As you may be aware, the Golden State Warriors won the NBA Championship for the first time since 1975 this past spring. Not only did they finish atop the mountain, but they had one of the all-time dominant seasons in NBA history, with 67 regular season wins and a 10.1-point scoring differential.
The temptation for championship teams of all stripes is to “bring the band back together” for another run. Why fix what isn’t broken? Besides, fans grow attached and sentimental to winning rosters and don’t want to see anyone leave, even the role players.
Where this becomes problematic is that teams consist of real life humans who aren’t names on a stat sheet or pictures on a caricature T-shirt. These people have their own livelihoods to think of and that means difficult decisions have to be made when contracts are up. Champions tend to have more good and great players than non-champions and those players will look to get paid, either from the incumbent or elsewhere.
And that brings us to Harrison Barnes, entering the fourth and final year of his rookie year, at the bargain-basement price of just under $3.9 million.
At first blush re-signing Barnes would seem like a no-brainer. After all, the league’s salary cap is about to skyrocket, from $70 million this season to a projected $89 million next year and then $104 million the year after that, according to Tim Kawakami of the San Jose Mercury News. With Andrew Bogut and Andre Iguodala both due to come off the books after 2016-17 and neither likely to be retained into their 30’s unless they agree to steep discounts, there’ll be plenty of room on the payroll to pay Barnes whatever he and his agent ask for, right?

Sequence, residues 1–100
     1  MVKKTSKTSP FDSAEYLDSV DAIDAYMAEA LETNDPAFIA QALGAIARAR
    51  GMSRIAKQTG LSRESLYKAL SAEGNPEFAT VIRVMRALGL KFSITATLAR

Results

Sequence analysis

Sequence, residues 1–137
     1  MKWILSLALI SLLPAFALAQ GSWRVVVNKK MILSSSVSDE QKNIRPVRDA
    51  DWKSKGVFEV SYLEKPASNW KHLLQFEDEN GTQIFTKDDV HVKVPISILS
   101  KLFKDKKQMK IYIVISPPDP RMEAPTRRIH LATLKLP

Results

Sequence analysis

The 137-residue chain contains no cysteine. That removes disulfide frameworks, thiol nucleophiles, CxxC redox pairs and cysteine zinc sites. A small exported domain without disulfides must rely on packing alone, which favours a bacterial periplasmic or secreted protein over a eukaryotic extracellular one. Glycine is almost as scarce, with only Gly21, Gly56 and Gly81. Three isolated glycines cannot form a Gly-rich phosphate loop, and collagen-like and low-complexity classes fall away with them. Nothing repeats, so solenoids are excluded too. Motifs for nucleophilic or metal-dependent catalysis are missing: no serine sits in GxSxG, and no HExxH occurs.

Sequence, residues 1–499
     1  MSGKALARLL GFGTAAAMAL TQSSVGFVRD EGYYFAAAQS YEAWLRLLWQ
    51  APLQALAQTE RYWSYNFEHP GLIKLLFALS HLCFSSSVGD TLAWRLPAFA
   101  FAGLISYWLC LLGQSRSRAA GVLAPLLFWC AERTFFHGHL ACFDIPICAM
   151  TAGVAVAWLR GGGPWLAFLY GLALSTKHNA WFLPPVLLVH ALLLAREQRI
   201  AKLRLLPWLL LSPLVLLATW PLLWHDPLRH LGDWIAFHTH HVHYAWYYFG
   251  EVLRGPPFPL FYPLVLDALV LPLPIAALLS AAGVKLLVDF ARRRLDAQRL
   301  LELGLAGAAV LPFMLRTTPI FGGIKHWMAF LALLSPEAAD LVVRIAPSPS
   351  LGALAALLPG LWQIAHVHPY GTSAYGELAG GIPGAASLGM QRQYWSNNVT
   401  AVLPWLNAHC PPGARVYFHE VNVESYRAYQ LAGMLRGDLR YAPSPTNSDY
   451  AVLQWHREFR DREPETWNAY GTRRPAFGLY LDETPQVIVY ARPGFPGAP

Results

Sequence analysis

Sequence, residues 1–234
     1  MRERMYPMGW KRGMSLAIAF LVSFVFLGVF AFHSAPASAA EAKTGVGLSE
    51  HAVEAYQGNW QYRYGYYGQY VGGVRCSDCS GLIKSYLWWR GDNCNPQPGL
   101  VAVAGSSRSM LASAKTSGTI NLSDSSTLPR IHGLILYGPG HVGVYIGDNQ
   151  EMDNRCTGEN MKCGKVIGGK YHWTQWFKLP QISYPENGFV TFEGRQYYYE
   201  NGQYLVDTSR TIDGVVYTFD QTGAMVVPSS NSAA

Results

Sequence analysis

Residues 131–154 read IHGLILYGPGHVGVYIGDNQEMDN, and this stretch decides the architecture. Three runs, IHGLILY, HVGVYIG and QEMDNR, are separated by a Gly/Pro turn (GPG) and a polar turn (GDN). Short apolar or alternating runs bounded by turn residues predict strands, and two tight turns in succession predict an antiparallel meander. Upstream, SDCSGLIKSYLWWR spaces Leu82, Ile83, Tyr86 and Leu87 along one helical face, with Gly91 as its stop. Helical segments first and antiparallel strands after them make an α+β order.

Well, yes and no. Just because you can afford to buy something doesn’t necessarily mean that you should.
Remember, Stephen Curry, the league’s reigning MVP, will be up for a huge (and well-deserved) raise after the 2016-17 season, for around $30 million annually. That’s going to be an $18 million raise. Also, backup center Festus Ezeli will be looking for a hefty raise as well–into the eight-figure range–and he’ll be Bogut’s replacement down low. Klay Thompson and Draymond Green both already signed lucrative extensions over the past calendar year, so they’ll be making over $15 million each as well.